The danger from the Left does not arise from stupidity or dishonesty; those failings are bipartisan. Some surveys show that Republicans, particularly libertarians, are more scientifically literate than Democrats, but there’s plenty of ignorance all around. […]

The first threat is confirmation bias, the well-documented tendency of people to seek out and accept information that confirms their beliefs and prejudices. In a classic study of peer review, 75 psychologists were asked to referee a paper about the mental health of left-wing student activists. Some referees saw a version of the paper showing that the student activists’ mental health was above normal; others saw different data, showing it to be below normal. Sure enough, the more liberal referees were more likely to recommend publishing the paper favorable to the left-wing activists. When the conclusion went the other way, they quickly found problems with its methodology. […]

And that brings us to the second great threat from the Left: its long tradition of mixing science and politics. To conservatives, the fundamental problem with the Left is what Friedrich Hayek called the fatal conceit: the delusion that experts are wise enough to redesign society. Conservatives distrust central planners, preferring to rely on traditional institutions that protect individuals’ “natural rights” against the power of the state. Leftists have much more confidence in experts and the state. Engels argued for “scientific socialism,” a redesign of society supposedly based on the scientific method. […]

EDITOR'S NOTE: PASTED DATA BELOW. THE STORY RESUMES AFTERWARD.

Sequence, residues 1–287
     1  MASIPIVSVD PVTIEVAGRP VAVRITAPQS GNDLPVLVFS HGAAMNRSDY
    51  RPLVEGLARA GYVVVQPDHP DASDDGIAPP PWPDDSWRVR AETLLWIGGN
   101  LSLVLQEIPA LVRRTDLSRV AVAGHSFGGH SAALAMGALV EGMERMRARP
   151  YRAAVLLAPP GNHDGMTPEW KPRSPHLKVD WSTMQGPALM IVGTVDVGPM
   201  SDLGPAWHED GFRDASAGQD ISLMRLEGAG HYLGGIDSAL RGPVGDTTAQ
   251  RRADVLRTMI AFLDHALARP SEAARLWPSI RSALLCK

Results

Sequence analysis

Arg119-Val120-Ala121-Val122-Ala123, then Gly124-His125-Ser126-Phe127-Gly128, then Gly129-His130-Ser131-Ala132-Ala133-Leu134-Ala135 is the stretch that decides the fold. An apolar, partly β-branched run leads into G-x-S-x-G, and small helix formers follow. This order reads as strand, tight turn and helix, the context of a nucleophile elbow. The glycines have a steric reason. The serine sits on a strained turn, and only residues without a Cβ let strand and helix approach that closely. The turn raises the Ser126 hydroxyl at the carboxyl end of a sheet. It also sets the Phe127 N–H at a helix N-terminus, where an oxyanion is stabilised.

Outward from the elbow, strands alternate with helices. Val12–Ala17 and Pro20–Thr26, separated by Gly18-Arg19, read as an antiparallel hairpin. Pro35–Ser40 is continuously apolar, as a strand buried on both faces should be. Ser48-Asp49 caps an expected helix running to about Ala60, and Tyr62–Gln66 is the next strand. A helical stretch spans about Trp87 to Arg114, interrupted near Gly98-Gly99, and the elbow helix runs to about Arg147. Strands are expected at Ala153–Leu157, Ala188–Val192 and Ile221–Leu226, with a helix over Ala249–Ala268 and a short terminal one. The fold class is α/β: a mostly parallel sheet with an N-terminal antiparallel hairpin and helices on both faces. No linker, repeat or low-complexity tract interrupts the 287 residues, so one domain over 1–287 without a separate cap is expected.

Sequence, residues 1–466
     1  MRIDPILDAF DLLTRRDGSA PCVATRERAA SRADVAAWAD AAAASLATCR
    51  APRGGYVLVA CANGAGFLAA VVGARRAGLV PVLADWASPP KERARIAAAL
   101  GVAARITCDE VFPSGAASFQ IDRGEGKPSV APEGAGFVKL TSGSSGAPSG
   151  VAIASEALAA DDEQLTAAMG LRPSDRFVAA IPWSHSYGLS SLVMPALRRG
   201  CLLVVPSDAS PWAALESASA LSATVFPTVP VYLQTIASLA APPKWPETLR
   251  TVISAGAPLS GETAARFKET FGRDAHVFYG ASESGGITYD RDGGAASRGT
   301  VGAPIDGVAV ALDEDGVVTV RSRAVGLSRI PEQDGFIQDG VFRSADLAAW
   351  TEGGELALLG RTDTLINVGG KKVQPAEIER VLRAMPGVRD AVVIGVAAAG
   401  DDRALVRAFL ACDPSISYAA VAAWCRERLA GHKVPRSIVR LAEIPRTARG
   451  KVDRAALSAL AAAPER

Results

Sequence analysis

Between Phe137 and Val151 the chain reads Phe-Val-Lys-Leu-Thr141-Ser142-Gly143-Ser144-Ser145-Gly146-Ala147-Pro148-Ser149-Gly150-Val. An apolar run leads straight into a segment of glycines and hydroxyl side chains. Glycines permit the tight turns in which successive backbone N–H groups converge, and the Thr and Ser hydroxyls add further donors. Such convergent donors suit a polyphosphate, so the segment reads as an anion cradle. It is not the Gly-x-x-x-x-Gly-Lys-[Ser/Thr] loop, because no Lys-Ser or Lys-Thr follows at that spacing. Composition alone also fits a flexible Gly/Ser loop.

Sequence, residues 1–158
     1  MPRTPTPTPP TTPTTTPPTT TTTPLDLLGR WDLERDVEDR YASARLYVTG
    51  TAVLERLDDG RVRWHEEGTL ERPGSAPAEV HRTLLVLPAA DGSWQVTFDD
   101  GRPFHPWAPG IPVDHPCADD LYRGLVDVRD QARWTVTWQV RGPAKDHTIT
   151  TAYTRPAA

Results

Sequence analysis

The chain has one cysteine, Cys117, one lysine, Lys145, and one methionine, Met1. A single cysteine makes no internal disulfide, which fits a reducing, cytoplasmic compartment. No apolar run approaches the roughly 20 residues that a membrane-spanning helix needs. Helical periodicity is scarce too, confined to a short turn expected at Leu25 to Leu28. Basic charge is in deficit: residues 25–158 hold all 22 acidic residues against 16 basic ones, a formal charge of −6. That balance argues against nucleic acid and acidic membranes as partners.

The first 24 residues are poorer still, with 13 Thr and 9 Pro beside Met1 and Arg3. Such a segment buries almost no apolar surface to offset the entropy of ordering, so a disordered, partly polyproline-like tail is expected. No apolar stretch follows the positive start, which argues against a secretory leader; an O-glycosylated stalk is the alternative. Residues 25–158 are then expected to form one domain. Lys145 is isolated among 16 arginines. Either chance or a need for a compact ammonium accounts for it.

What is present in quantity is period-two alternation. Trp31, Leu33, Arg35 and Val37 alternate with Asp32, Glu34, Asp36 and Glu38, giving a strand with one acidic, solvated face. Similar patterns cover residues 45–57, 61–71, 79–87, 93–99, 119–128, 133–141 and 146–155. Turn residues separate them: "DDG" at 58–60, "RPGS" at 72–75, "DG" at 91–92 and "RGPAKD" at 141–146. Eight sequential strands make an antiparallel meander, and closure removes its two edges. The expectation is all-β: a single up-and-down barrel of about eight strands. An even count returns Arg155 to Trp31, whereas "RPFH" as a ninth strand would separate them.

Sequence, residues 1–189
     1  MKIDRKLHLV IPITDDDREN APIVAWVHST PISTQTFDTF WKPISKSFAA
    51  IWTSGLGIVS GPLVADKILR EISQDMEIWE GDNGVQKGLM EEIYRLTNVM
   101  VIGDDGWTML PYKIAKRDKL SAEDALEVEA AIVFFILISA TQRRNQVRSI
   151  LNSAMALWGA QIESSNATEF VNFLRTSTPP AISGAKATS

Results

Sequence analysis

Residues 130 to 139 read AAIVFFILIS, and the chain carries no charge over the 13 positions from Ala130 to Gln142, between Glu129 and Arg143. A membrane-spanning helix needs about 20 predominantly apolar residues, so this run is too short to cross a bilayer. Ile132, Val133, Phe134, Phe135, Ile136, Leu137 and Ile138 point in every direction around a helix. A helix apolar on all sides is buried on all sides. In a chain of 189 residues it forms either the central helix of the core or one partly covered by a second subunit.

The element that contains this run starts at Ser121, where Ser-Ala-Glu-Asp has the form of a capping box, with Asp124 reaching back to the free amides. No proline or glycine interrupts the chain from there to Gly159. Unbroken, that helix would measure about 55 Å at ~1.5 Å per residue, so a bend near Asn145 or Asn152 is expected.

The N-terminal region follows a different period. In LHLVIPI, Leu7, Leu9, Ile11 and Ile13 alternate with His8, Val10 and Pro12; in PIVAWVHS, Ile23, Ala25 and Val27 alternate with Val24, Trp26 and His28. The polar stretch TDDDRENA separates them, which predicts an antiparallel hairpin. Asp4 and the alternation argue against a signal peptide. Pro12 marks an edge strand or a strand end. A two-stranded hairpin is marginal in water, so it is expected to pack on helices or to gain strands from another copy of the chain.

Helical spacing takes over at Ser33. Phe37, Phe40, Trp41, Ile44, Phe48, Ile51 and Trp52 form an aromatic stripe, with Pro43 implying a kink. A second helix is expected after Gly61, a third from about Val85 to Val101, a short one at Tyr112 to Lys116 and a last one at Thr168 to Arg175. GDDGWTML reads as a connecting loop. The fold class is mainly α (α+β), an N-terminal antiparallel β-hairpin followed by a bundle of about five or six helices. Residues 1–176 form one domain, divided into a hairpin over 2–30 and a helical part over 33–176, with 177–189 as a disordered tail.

(H.T. Jeff G)


Update 11/28/16: Here’s a more recent, post-election, column by Tierney. (My emphasis again.)

Trump and Science

What will a Trump administration mean for scientific research and technology?

The good news is that the next president doesn’t seem all that interested in science
, judging from the little he said about it during the campaign. That makes a welcome contrast with Barack Obama, who cared far too much — in the wrong way. He politicized science to advance his agenda. His scientific appointees in the White House, the Centers for Disease Control, and the Food and Drug Administration were distinguished by their progressive ideology, not the quality of their research. They used junk science—or no science—to justify misbegotten crusades against dietary salt, trans fats, and electronic cigarettes. They cited phony statistics to spread myths about a gender pay gap and a rape crisis on college campuses. Ignoring mainstream climate scientists, they blamed droughts and storms on global warming and then tried to silence critics who pointed out their mistakes. […]

Trump has vowed to ignore the Paris international climate agreement that committed the U.S. to reduce greenhouse emissions. That prospect appalls environmentalists but cheers those of us who consider the agreement an enormously expensive way to achieve very little. Trump’s position poses a financial threat to wind-power producers and other green-energy companies that rely on federal subsidies to survive. […]